To mark World Teachers' Day on 05 October, Palladium's Joanne Dowling and Teagan Hood explore Indonesia's approach to teacher professional development in religious schools.
Indonesia is home to 264 million people – the 4th most populous country in the world – and 70% of its population will be working-age adults by 2030. They will need to have the skills and capabilities necessary for a globalised economy and to live up to the country's full economic potential. To do this, Indonesia’s government is focusing on education.
Twenty percent of Indonesia's students are educated in the religious school system, typically in madrasah – Islamic education – and often at private schools. Madrasah education, while following the national curriculum, includes additional content focused on religious education.
To ensure the equity of education received for this 20% of the country’s students, Indonesia is building an approach to better support its teachers in religious schools, so they can best equip this large population of students for the future.
Teachers Need Continuing Professional Development
Indonesia has recognised the need for regular and standardised Continuing Professional Development (CPD) programs for its teachers. In December 2018 the Religious Affairs Minister issued a regulation that provides the legal basis for more than one million madrasah teachers and around 250,000 teachers of Indonesia's six recognised religions in public schools to access CPD programs.
The CPD system is being designed to deliver professional development specifically tailored for teachers from predominantly private madrasah, who have limited or no access to other government-provided professional development activities. The system is intended to be implemented at local levels in teacher peer working groups.
Masfufah is a teacher in Indonesia's East Java province, which was one of the Ministry's pilot areas for the new professional development program in 2018/19.
"The program really helped us expand our knowledge to teach effectively and efficiently," she explained. "During the activities we learned many new approaches and teaching methods. For example, we learned how to develop IT-based learning media; how we can use Google Forms as means of communicating to our students and parents; and how we can create online learning or e-learning by creating meeting points in cyberspace. When we practice in the classroom the learning process becomes more fun and the teacher and student interactions are more fluid."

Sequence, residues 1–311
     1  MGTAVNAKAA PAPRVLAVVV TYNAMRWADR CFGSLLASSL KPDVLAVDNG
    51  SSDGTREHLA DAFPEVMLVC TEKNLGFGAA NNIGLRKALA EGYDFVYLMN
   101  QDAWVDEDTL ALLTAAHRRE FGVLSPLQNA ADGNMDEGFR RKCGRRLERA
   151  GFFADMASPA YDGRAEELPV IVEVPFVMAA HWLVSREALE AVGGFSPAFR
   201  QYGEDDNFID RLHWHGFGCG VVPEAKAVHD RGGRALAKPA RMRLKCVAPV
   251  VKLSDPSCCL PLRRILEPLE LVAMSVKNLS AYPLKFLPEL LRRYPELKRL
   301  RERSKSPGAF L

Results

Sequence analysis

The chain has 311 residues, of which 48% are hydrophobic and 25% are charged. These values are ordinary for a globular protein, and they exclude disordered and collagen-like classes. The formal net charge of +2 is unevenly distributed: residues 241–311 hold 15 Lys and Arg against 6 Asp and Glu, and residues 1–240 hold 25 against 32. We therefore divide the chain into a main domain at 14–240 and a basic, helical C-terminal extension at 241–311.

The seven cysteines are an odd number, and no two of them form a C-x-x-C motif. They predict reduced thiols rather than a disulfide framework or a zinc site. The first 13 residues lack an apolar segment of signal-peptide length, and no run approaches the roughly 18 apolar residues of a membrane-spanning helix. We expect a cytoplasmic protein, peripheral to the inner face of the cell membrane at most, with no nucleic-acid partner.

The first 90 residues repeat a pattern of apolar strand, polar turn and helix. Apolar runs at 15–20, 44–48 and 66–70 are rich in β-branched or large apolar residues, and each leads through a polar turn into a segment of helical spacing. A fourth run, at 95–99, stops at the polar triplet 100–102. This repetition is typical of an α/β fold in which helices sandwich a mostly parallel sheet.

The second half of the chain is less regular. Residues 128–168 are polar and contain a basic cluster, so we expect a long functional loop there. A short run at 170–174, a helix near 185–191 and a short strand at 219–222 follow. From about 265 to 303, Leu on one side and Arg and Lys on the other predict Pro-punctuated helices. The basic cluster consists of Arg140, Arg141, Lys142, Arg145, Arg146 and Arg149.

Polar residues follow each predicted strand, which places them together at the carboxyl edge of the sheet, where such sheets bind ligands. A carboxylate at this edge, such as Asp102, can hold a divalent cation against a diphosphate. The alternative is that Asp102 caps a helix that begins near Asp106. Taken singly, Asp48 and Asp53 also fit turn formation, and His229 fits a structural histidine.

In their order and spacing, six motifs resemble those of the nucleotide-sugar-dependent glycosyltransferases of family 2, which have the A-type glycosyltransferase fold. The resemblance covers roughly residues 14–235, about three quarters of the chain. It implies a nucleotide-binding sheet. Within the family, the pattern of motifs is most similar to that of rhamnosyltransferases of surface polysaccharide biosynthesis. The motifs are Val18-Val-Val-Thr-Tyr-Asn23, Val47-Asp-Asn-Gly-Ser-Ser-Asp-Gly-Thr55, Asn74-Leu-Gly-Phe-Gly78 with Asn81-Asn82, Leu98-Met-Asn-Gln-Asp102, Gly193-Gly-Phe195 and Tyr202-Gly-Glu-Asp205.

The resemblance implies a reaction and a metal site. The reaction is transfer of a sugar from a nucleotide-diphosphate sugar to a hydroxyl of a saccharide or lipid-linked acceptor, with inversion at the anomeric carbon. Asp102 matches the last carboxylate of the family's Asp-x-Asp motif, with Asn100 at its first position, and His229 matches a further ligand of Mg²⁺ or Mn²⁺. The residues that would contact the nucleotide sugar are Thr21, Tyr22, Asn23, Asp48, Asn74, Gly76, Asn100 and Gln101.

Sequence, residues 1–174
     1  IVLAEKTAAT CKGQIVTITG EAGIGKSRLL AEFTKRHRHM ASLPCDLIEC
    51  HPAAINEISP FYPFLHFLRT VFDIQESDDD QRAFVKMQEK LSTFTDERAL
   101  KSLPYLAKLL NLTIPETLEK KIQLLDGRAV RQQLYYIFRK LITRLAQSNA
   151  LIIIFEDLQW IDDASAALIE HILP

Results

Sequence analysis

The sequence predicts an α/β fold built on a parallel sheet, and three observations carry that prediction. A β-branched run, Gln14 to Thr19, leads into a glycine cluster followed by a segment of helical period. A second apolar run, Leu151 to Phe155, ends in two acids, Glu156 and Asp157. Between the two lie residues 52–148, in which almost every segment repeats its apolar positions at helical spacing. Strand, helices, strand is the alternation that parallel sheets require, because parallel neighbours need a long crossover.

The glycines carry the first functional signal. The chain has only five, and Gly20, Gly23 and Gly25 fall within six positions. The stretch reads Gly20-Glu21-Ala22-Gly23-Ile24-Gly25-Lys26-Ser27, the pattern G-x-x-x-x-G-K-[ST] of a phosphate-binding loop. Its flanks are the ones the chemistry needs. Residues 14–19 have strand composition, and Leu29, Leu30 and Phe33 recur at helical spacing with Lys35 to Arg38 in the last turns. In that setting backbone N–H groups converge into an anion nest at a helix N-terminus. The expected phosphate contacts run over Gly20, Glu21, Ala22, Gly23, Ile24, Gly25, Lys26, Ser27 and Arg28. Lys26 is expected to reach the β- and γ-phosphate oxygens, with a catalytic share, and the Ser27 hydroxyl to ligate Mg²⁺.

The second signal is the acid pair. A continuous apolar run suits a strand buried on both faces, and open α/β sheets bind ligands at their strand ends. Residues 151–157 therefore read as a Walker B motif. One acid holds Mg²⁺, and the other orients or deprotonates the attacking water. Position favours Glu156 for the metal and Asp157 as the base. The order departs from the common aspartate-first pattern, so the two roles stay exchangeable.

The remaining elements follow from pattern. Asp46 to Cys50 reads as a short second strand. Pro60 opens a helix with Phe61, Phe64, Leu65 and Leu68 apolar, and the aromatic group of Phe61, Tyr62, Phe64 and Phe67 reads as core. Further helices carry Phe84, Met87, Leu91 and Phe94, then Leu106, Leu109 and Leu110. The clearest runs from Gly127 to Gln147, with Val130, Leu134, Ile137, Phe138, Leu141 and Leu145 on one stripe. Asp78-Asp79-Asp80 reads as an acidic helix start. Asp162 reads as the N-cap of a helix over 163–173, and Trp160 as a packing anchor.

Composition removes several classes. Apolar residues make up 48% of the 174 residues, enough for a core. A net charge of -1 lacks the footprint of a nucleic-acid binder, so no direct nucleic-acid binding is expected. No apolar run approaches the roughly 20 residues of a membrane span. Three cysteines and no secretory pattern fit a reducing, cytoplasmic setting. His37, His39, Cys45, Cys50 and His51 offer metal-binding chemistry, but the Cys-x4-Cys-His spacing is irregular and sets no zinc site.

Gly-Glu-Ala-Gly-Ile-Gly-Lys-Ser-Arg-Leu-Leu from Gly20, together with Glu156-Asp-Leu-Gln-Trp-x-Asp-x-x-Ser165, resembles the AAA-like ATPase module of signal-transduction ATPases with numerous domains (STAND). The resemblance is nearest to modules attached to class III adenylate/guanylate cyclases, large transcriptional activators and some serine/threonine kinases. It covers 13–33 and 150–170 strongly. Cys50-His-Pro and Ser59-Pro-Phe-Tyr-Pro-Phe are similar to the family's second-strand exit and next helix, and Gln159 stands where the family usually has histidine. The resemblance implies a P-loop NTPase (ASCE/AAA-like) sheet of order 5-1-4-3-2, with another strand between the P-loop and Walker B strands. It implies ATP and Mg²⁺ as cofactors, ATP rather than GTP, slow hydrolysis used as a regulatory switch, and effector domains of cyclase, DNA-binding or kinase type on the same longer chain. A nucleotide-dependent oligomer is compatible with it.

Dr Suyitno, Director of Teachers and Education Personnel at the Ministry of Religious Affairs, was also positive about the new CPD program for teachers.
"The Ministry of Religious Affairs hopes we can socialise smart practices carried out by East Java so that it can be replicated in other regions in Indonesia. Improving the quality of education in Indonesia must start from improving the quality of teachers."
In the 2020 school year, it's expected the program will be scaled up nationally for all teachers in religious schools, and teachers of religious subjects. When fully operational, the system will have its own regulatory framework, budget and financing, and delivery and evaluation systems.
The Education 2030 Agenda
Globally, countries have signed commitments to The UN Sustainable Development Goal on education. One of this goal’s dedicated targets recognises teachers as key to achieving the Education 2030 Agenda. According to the Education 2030 Incheon Declaration and Framework for Action, the goal is to "ensure that teachers and educators are empowered, adequately recruited, well-trained, professionally qualified, motivated, and supported within well-resourced, efficient and effectively governed systems."
For Indonesia, President-elect Joko Widodo has proclaimed that his second term will focus on developing human capital for a productive and competitive workforce. By improving the support to teachers, they can improve the quality of education and help students to acquire the capabilities they will need in a rapidly changing world.
Palladium implements the Technical Assistance for Education Systems Strengthening (TASS) program, funded by DFAT, which supports the Ministry of Religious Affairs' CPD system through advisory support and system design.